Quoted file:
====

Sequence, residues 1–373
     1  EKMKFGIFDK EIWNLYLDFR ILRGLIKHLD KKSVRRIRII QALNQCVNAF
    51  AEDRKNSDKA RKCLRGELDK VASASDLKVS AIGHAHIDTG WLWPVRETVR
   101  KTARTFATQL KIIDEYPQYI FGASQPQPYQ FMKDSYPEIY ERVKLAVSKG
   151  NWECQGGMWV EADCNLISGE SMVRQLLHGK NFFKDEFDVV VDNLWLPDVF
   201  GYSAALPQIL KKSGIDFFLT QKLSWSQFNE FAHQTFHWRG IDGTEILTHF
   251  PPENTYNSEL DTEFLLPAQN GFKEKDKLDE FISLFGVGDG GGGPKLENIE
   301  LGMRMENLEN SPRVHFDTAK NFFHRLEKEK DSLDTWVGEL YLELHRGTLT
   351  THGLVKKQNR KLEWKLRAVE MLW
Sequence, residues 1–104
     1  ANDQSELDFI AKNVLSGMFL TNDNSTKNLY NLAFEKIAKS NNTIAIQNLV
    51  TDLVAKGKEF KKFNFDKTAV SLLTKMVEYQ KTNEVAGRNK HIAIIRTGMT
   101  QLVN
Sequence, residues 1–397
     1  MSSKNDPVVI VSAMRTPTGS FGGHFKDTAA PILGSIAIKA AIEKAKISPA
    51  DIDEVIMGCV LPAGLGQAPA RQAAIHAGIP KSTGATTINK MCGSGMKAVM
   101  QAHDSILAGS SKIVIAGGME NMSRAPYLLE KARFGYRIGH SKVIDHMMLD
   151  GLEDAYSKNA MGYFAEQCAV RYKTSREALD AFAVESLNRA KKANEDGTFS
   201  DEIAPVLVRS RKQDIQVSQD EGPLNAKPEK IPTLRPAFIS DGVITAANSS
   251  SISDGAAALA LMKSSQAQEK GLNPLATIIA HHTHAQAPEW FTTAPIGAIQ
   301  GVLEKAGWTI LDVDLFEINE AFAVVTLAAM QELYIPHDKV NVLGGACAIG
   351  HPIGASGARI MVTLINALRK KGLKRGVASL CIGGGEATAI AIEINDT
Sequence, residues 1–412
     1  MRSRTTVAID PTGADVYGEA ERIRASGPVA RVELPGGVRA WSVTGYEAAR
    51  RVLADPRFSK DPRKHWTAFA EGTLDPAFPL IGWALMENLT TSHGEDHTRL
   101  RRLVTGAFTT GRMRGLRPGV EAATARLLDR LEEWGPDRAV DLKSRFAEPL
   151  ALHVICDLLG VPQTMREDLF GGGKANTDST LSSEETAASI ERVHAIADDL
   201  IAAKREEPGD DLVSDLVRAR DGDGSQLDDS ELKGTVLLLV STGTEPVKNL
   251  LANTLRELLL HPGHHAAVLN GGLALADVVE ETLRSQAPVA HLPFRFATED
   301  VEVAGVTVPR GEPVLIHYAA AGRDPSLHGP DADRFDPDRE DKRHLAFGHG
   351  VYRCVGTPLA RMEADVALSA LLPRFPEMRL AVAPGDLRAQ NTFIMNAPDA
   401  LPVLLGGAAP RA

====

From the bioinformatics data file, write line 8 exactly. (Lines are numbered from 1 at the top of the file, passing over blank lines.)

   301  LGMRMENLEN SPRVHFDTAK NFFHRLEKEK DSLDTWVGEL YLELHRGTLT